This latest attempt to rejuvenate a long-running film series returns to Ian Fleming's first James Bond novel to show the origins of the secret agent. In doing so, the filmmakers not only introduce Daniel Craig as the newest Bond, but also drop the overblown irony that marred the last few episodes. The result is one of the best, and most lavish, action films in years. Despite its flaws, Casino Royale sets a new standard for espionage adventures that will be hard to top.

From the black-and-white prologue, in which Bond brutally kills one enemy and then casually offs another, this is no-nonsense filmmaking--polished, efficient, and dedicated to telling a story whose problems and complications resist easy answers. Although set in the present, the script presents a Bond before his reputation was established--indeed, a Bond on the verge of being fired after a botched stakeout. This is an agent skeptical of his superiors and his assignments, but one who pursues his job with a dogged determination.

While trying to salvage the earlier mix-up, Bond stumbles across the work of Le Chiffre (Mads Mikkelsen), a financier responsible for investing hundreds of millions from "freedom fighters." The secret agent foils a bombing plot in Miami, forcing Le Chiffre to stage a high-stakes poker game in Montenegro to pay off his debts to terrorists. Backed to the tune of ten million by Vesper Lynd (Eva Green), a self-described "accountant," Bond tries to defeat Le Chiffre at the gaming tables in an attempt to expose the other members of his terrorist ring.

The seemingly endless casino summit, with Texas Hold'em substituting for the Chemin de Fer found in the novel, is one of the film's few missteps. Another is the long running time, resulting in part from one too many trick endings. And fans may be disappointed by the short shrift given to Bond staples, notably his high-tech gadgetry.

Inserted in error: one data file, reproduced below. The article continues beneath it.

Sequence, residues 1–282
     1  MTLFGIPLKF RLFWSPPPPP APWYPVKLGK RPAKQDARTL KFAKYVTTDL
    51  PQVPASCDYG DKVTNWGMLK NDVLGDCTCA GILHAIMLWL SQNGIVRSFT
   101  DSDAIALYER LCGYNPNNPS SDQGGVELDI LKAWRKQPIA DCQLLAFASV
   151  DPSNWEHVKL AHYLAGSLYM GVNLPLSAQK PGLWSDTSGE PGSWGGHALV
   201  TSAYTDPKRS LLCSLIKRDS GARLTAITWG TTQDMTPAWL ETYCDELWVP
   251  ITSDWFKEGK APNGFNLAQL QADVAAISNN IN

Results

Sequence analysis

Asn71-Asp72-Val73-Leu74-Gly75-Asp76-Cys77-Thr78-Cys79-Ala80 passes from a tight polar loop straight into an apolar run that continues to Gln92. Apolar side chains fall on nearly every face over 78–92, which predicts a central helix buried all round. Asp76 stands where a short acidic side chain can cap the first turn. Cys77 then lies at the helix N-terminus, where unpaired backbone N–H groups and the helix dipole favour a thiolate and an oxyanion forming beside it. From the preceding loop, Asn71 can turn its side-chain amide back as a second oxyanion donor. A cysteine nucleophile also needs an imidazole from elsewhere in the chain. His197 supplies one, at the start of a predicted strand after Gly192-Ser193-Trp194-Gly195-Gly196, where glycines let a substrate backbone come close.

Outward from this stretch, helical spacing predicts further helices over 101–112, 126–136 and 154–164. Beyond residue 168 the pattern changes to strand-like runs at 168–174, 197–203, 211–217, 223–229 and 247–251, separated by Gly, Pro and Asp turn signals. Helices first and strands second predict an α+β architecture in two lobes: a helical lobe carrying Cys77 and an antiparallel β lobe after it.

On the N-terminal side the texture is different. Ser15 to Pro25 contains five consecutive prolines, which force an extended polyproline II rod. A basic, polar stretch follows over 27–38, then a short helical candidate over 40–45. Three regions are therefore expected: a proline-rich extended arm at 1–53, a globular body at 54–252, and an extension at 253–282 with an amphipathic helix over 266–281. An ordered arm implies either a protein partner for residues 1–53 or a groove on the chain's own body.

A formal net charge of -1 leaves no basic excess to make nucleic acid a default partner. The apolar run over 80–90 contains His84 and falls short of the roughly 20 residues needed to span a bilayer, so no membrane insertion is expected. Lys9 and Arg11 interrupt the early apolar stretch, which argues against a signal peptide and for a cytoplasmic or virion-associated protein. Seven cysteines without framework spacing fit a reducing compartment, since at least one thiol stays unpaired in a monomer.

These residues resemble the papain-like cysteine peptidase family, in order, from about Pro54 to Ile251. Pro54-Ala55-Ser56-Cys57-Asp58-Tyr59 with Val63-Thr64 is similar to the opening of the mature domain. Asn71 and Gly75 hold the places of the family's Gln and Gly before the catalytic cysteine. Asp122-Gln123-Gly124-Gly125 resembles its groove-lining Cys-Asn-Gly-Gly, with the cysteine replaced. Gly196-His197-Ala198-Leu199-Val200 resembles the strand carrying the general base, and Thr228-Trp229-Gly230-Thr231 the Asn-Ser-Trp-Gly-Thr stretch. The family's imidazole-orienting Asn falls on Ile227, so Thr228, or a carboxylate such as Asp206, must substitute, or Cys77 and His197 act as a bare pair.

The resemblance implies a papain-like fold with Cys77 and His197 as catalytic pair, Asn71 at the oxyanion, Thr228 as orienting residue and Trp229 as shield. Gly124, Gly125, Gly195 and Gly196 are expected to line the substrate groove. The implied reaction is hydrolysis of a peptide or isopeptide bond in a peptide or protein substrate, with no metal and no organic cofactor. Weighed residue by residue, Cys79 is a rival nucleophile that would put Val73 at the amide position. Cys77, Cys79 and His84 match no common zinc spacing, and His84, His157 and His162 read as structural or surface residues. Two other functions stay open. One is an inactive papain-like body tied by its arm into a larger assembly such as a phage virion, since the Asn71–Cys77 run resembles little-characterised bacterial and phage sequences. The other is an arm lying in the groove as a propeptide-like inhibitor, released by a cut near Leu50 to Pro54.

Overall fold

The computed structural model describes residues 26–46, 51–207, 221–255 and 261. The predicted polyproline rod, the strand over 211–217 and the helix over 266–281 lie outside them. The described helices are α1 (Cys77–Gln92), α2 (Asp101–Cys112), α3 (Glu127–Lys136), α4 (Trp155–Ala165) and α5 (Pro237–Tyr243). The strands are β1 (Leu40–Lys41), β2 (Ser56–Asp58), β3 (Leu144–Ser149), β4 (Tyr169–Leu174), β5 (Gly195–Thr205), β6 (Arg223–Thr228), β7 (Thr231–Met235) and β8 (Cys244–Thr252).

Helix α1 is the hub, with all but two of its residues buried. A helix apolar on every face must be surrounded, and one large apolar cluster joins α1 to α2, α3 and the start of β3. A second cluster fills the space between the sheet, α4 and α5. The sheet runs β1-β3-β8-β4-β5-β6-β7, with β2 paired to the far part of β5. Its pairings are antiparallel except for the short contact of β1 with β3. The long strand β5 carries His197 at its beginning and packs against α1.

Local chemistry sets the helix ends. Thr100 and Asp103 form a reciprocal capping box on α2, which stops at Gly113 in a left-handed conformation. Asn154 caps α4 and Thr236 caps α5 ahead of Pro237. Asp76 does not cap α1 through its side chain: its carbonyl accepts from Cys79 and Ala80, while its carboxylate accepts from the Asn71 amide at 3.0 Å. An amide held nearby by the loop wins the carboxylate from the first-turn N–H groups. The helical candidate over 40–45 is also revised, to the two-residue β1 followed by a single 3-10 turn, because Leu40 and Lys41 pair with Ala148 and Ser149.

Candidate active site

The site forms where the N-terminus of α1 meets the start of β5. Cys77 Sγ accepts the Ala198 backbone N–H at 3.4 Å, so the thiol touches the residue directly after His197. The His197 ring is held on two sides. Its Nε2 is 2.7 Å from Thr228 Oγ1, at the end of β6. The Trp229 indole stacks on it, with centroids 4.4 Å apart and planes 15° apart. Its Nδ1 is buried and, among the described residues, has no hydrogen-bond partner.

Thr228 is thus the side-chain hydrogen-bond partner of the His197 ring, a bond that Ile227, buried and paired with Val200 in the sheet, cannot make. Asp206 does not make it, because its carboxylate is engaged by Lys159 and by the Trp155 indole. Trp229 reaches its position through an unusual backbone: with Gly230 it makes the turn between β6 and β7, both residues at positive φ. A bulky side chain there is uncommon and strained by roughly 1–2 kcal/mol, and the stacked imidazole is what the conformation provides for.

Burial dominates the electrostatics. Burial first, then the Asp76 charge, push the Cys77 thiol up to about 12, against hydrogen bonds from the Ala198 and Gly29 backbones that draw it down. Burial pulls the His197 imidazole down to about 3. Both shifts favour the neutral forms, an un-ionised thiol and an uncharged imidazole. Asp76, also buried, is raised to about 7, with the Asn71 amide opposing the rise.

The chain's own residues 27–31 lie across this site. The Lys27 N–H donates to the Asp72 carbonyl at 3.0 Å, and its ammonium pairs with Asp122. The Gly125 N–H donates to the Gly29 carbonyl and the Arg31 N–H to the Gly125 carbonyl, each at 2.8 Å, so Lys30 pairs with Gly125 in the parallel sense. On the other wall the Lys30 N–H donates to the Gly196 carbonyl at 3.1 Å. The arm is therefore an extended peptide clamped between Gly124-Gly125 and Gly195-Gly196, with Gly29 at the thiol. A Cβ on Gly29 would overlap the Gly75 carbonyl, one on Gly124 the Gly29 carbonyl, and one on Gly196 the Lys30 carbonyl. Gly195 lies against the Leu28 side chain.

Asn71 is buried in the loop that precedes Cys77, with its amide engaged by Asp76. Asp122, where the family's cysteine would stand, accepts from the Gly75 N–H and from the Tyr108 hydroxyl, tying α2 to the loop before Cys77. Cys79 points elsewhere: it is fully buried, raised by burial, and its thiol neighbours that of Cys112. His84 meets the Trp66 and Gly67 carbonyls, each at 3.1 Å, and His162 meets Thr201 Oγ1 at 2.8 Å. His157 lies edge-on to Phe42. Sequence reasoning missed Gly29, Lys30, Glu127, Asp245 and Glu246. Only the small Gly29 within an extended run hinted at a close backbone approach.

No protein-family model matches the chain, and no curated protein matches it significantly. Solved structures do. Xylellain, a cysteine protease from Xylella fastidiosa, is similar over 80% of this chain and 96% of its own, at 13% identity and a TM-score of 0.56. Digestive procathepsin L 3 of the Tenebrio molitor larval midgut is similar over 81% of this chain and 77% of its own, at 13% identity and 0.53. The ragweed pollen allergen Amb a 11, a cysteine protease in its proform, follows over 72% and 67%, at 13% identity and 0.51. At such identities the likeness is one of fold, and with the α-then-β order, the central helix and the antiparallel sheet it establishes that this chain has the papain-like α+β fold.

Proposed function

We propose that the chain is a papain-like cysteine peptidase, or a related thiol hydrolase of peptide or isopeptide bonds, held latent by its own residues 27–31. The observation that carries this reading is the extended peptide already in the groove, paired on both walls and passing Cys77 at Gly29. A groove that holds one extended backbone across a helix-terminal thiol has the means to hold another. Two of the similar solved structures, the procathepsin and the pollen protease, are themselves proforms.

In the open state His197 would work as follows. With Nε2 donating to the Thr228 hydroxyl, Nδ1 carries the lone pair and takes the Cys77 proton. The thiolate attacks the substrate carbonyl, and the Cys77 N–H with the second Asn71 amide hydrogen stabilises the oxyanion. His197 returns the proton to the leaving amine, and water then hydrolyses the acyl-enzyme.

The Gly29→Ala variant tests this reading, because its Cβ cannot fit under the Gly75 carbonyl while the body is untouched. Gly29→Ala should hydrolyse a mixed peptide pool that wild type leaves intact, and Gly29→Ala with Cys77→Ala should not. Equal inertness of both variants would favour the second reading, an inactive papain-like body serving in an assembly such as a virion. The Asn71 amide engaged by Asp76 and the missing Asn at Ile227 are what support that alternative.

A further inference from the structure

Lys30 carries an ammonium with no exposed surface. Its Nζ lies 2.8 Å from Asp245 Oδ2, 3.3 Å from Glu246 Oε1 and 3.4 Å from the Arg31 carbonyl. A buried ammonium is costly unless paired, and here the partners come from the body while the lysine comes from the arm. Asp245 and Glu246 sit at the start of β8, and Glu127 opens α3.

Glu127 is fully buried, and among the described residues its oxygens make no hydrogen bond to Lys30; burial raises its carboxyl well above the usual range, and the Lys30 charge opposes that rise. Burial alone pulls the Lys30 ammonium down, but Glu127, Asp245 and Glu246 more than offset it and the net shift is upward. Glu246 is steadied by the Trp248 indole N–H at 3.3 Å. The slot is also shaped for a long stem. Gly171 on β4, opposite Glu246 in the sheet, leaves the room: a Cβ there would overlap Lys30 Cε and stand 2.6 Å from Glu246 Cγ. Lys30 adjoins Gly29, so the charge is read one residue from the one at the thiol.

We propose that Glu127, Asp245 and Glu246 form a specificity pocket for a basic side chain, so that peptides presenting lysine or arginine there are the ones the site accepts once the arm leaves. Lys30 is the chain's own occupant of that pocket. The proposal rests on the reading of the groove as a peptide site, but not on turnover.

On the other hand, Casino Royale boasts one of the finest action sequences in all of the series, a pounding, thrilling chase through a construction site that quotes everyone from Harold Lloyd to the parkour martial arts found in films like District B13. With vertiginous stunts and insane pacing, it is reason alone to see the film.

Other actors associated with the part sometimes treated it as a joke, reducing Bond to a careless lech. Craig brings a single-minded drive and an arsenal of dirty tricks to the role, enlivening Bond's character without cheapening it. He acquits himself admirably in the action scenes, and is suitably intense even during the quieter moments.

Vesper Lynd was one of Ian Fleming's more complex female characters, the one responsible for Bond's often callous treatment of women later on. Eva Green is alluring enough in the role, although she is difficult to understand at times. As Le Chiffre, Danish actor Mikkelsen lacks the full-bore mania of classic Bond villains. But Judi Dench, reprising her role as M, adds real steel to her portrayal of Bond's boss.

Sumptuously photographed on locations ranging from Venice and Lake Como to the Bahamas, this Casino Royale easily stands up to any film in the series. (The novel was also the basis for a 1954 television show and a ham-fisted spoof filmed in 1967.)